Back with his first album in six years, Ab-Soul explores all elements of his psyche on HERBERT. Read SHIFTER’s album review here.
After two decades in the industry, Ab-Soul (real name Herbert Anthony Stevens IV) has gone through a life journey that would harden most hearts. Instead of harbouring bitterness, Ab-Soul has chosen the good portion, accumulating in a reflective thought piece: HERBERT.
With features like Joey Bada$$, Russ, Big Sean, Jhené Aiko, SiR, and Zacari, Ab-Soul has created an eclectic diary on his latest album that’s immersed in the laid-back flow of his signature west-coast touch.
HERBERT sees Ab-Soul turn grief into a catalyst for realignment. As his fifth studio album, HERBERT is packed with moments of reflection. It feels like we get to explore all the extensions of what makes Ab-Soul who he is. Without fluff, he bares full face, revealing his insecurities, deepest desires, thrills, and regrets.
The album starts off with a voice message from Ab-Soul’s grandmother on “MESSAGE IN A BOTTLE”––a recital of Mark 8:36: “For what shall it profit a man, if he shall gain the whole world, and lose his own soul?” The scripture aptly sets the theme for the album. Ab-Soul lets us in his mind and spares no ounce of vulnerability. Navigating religion, depression, family, and his disability, he critically examines the things that have helped him stay afloat, and the vices that have pulled him down.
Using the pen as catharsis for an introspective coming of age, Ab-Soul’s musings are laced with the thoughtful calibre of songwriting you can expect from the dreamy Pisces. On “FALLACY”, he speaks about his desire to create a legacy that outlasts him through his music, paying homage to hip hop legend, Nas:
“I need a billi and to be mentioned with GOATS. Make history with the lyrics I wrote in my mind, you know I don’t use writing utensils. Esco once said “Hip Hop is dead”. I must be a mummy rapping my ass off, amen.”
Along with lead singles “DO BETTER” with Zacari and “GANG’NEM” with Fre$H, “GO OFF” is another memorable joint with notable features Russ and Big Sean. A viscerally-charged track, the trio use pain as a testimony to turn doubters to believers. Indeed, faith is a theme that persists throughout the album. Ab-Soul questions his own morality on “GOODMAN”, pondering on what it truly means to walk righteously.
Sonically, we see Ab-Soul veer to the left, embracing a futuristic, almost twisted vibe on “HERBERT”. Lifting our frequencies with the unconventional autobiography, Ab-Soul touches on the temporary nature of life and pays homage to friends and family who have passed on.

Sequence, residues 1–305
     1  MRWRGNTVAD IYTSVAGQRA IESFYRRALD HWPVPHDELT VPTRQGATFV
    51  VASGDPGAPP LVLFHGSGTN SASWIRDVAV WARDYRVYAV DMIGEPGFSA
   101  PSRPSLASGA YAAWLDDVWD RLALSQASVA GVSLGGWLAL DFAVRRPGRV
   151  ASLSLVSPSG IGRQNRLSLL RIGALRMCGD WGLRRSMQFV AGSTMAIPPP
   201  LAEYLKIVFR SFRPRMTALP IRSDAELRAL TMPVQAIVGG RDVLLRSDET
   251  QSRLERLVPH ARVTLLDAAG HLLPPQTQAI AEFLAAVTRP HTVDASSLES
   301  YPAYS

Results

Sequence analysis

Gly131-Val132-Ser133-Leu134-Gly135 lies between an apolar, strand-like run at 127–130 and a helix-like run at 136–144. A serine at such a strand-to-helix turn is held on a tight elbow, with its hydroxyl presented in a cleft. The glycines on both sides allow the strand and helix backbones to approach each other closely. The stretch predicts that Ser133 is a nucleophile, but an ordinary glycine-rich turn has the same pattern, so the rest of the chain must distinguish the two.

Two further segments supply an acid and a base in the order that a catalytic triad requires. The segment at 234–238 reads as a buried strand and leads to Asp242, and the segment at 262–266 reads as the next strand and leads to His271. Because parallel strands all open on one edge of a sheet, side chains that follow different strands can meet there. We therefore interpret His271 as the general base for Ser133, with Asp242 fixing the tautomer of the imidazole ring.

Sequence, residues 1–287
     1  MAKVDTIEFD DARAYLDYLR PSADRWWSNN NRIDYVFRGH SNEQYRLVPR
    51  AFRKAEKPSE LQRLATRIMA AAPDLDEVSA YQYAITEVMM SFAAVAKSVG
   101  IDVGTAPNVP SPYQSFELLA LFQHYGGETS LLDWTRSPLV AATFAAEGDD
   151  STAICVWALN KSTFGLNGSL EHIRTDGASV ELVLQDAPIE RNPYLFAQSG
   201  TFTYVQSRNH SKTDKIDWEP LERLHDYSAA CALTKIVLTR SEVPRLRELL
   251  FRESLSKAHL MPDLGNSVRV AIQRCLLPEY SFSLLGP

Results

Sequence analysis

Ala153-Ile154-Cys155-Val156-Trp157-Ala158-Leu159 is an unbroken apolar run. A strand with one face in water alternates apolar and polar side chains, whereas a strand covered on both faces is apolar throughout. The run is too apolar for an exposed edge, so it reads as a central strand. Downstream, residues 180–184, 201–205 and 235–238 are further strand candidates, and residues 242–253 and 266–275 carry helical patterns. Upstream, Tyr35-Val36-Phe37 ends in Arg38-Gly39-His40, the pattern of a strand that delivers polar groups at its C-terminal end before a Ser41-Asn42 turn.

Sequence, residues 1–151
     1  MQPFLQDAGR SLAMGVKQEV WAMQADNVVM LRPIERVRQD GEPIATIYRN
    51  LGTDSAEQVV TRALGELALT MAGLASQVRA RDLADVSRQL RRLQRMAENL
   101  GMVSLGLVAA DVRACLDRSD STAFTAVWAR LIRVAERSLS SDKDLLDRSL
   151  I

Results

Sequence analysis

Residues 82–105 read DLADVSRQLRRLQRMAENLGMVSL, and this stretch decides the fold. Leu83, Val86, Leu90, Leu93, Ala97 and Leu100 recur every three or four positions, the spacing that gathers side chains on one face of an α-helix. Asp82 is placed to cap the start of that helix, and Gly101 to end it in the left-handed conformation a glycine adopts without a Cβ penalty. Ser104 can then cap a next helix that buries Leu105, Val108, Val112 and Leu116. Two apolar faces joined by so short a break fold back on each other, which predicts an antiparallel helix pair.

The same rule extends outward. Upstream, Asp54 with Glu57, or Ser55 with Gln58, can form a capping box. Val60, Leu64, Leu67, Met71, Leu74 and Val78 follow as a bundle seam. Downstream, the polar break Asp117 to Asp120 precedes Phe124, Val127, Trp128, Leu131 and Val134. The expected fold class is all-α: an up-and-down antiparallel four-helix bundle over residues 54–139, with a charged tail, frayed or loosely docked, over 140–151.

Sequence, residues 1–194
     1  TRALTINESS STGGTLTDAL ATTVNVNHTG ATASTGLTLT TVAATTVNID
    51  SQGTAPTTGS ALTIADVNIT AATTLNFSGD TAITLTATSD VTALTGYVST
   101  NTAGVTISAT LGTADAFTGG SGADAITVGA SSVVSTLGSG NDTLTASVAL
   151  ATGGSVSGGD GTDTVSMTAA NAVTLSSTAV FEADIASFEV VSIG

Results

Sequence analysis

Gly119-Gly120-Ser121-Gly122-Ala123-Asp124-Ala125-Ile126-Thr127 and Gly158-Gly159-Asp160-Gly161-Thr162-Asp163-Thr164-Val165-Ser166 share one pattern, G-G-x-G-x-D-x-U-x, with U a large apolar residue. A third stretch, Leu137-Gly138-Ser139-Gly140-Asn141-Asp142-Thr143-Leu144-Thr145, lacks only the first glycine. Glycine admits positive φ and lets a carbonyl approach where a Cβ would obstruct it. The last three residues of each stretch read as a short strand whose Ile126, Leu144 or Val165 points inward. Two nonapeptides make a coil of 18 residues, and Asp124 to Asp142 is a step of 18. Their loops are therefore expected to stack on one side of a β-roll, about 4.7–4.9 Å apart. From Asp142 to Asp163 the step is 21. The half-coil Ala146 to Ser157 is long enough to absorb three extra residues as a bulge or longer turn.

Cool, calm––but not to be underestimated––Ab-Soul reminds us that he keeps it G always on tracks like “FOMF”. There’s both a celebratory and somber feel to the album, most prominent on “IT BE LIKE THAT”. An existential crisis turned self-proclamation of hope, Ab-Soul goes from pessimism to optimism, encouraging listeners who may also be battling with dark thoughts that there is always a next chapter worth anticipating.
On the final track “GOTTA RAP”, Ab-Soul closes the record off with an ode to self-preservation. A victorious assertion that his mission is not yet complete, the song serves as a special message for listeners who thought the rapper might be throwing in the towel after his 6-year long hiatus.
Amidst the triumphant chorus of brass instruments, Ab-Soul speaks on how his lows were worth the highs he’s experienced. “GOTTA RAP” feels like we’re getting a special glimpse of his inner monologue as Ab-Soul counters feelings of being misunderstood with reassurance:
I even tried suicide and I don’t know why
I know better than most that the soul don’t die
Took a leap, shattered my leg, and lost some teeth
And I’m still standing behind every word I speak
By the culmination of HERBERT, it does still feel like Ab-Soul is searching for his anchor, but he’s one step closer to solidifying his foundation. HERBERT is the witnessing of an awakening; a turn of events from death to life, and a resurrection of the mind.